Making leather is an extensive and technical process. In order for the process to produce a high-quality leather with the same finish each time, accuracy and care must be taken. The process will start with an animal hide and by the end of the journey there will be a piece of leather ready to be transformed into a bag, clothing or any other leather product. The modern commercial leather-making process involves three basic phases: preparation for tanning, tanning, and processing tanned leather. It generally takes 6-8 weeks to go through the entire process.
The most common hide used to make leather is from a cow. Though leather can also be made from the hide of almost any animal including pigs, sheep, goats and crocodiles. It is a by-product of the meat and dairy industries.
Good hide gives an 80-90% yield thus; the raising of the cow will affect the quality of the hide produced. For instance, cows that have been revealed to a lot of insect bites, kept near barbed wire fences or have had electric cattle prods used on them can have damage to their hide. Here the hide yield is more likely to be around 60% so as to avoid imperfection and holes. Even certain diets that include grains or growth hormones can make for a poorer quality hide.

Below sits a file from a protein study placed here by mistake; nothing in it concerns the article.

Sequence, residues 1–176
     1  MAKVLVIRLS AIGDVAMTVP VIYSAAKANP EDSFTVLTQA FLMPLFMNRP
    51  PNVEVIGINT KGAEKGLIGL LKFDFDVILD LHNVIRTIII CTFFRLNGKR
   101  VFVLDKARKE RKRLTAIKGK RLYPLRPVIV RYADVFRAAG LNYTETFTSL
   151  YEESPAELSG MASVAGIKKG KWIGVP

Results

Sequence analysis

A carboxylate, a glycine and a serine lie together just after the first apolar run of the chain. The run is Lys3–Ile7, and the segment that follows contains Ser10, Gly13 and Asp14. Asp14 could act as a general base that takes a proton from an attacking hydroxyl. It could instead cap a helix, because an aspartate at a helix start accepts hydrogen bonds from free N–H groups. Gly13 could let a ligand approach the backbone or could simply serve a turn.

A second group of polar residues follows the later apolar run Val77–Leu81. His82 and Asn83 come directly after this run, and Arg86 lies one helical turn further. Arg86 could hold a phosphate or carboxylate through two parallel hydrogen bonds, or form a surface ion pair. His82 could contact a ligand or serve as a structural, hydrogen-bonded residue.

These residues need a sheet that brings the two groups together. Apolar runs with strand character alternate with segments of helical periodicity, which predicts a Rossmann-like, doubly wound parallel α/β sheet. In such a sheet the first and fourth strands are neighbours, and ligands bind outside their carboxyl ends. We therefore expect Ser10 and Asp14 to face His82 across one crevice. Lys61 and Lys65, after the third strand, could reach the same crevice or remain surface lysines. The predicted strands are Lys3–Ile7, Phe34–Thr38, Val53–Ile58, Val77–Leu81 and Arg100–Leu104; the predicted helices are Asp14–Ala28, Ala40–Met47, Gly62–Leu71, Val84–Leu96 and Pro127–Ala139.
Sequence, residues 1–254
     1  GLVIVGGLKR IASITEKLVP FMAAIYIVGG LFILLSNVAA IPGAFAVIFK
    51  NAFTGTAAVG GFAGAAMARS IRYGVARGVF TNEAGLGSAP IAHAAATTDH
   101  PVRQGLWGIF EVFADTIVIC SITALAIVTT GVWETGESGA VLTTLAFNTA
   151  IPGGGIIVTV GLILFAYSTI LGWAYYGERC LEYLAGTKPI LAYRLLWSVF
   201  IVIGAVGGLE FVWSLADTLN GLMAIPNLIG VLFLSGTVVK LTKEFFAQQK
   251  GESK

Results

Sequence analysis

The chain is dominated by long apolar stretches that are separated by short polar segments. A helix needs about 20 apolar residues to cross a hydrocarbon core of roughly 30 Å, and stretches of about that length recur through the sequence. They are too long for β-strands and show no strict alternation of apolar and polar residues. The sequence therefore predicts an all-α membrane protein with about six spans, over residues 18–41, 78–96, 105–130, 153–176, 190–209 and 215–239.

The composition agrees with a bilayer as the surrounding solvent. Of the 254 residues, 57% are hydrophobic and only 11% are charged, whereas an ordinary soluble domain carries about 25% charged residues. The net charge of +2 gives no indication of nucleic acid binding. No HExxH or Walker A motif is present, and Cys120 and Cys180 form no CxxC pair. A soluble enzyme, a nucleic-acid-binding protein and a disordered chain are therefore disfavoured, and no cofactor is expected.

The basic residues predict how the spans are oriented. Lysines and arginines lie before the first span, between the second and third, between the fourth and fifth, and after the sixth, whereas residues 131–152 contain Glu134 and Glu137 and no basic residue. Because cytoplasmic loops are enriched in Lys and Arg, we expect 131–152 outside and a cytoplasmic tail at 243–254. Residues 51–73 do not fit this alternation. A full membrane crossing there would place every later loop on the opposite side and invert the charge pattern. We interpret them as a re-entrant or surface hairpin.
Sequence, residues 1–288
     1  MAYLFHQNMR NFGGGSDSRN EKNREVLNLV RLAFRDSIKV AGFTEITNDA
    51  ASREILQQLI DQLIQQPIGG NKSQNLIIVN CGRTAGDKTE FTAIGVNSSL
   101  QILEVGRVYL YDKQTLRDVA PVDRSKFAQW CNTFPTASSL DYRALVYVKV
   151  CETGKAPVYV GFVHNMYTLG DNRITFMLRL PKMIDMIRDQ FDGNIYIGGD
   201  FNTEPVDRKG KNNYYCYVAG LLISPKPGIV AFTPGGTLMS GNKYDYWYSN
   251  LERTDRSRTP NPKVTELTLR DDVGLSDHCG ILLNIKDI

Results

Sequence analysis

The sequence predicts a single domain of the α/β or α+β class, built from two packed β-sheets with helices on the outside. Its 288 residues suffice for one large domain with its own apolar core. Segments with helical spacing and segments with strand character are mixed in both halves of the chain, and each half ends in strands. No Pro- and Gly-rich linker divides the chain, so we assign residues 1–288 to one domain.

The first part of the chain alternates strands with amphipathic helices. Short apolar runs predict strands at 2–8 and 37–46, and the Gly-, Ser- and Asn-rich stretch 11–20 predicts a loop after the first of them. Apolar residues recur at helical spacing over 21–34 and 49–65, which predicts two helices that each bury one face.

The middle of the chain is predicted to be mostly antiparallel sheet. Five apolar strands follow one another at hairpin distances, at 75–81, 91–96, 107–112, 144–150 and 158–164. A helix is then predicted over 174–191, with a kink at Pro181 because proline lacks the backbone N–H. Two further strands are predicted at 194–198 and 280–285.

As an introductory step, the skin must be carefully removed from the animal and then the flesh needs to be removed, which can be done by hand or by using fleshing machine. The process is important to be finished as quickly as possible if it is done by hand, since the material easily dries out. At the end of the process, clean white surface should remain. Now, the hide is protected both in storage and transportation before it reaches the tannery.
At this point a hide will begin to decompose within hours of an animal’s death to prevent this from happening, a dehydrating process is followed by either air-drying, wet or dry salting, or pickling with acids and salts before being shipped to a tannery. the hide may become useless and be wasted if it is not salted or frozen within the few hours of being removed. This hide will remain salted, until ready for the next process.